I’m not talking the old school Christians, though. The old school Christians I know really have no interest in growing the numbers of their congregations. They don’t really don’t care whether the message is spread to its full extent (or if they do care, they put prerequisites on new believers so that they will dress/act/look/speak the same way the rest of the church does when they walk in the doors).

But more new-fangled Christians? Well, marketing is something they do well. They start playing the numbers game, and the more people who start coming, the more new people they need to keep coming. It’s all about appearances. It’s all about getting as many butts in those pews (or stadium seats) as possible. And there’s nothing really wrong with that, but there is a perception among believers that the Bible and Jesus isn’t enough to draw people. So they have market Him. They have to make the Bible relevant to our modern lives.

They think getting the Bible to mean something to our culture is like jamming a square peg in a round hole. It can’t be done. So they change it. They spin it. They leave out facts that could be construed negatively. They only focus on the things that don’t challenge people. And the result is churches with tens of thousands of people, yes. But it’s tens of thousands of people who don’t know anything about Jesus other than that He was a good man and a great teacher. Or they think the Bible can be picked apart and that parts of it aren’t true.

And the irony is that it’s unnecessary. Because the Bible and Jesus are relevant to our world and our culture already. They don’t need our help.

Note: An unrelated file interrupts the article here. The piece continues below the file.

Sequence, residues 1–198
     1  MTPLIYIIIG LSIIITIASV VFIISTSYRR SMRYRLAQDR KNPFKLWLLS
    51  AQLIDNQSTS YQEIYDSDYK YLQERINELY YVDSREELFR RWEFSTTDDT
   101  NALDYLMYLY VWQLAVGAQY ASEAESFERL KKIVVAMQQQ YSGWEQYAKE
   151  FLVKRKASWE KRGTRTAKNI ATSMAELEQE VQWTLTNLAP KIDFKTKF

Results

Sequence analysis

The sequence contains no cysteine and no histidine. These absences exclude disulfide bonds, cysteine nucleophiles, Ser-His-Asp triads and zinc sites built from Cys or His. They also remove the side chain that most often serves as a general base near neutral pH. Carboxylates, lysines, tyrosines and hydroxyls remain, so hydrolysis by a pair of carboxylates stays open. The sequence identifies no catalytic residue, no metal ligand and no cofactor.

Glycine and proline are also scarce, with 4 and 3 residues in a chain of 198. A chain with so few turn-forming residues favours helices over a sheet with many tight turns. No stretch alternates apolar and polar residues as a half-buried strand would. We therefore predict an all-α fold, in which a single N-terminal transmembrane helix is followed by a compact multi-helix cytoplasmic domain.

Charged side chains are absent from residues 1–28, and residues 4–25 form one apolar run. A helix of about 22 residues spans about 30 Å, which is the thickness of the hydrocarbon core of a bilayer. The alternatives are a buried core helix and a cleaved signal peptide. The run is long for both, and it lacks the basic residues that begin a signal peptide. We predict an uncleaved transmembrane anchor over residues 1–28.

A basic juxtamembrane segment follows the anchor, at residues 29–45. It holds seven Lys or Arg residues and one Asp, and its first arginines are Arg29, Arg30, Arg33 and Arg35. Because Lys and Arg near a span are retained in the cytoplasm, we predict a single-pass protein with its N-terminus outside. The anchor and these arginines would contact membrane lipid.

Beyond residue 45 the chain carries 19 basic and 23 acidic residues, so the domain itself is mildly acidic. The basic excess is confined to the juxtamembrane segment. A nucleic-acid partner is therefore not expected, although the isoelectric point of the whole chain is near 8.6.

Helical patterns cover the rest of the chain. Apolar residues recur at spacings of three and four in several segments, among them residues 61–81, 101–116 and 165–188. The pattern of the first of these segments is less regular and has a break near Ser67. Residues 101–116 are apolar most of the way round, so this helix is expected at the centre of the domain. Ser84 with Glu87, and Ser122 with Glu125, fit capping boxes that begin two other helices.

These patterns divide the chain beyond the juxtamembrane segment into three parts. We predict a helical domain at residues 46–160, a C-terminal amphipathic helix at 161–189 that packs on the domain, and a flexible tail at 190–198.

A crowd in San Miguel Alto Uno - Peten, Guatemala

People who gathered to watch puppets - San Miguel Alto Uno, Peten, Guatemala

Today’s verse is John 12:32.

And when I am lifted up from the earth, I will draw everyone to myself.

This is from a passage where Jesus is predicting His death, but it’s a concept that’s applicable in other situations too. This statement is in regard to Christ being lifted up on the cross. That’s what it means literally. But one of the awesome things about Jesus is that just about everything He said has both a literal meaning and a figurative meaning. And figuratively, this statement is just as true.

If Jesus is the focus of your church, He will attract people.

In our modern churches with our weak-willed faith, we think we have to draw people with extravagant buildings and fancy coffee and hip music, and we forget that Jesus should be the focus. Christ doesn’t say that if you lift up your church’s mission’s ministry, people will come. He doesn’t say if you exalt your worship ministry, people will come. This says if you exalt Christ, He will do the rest.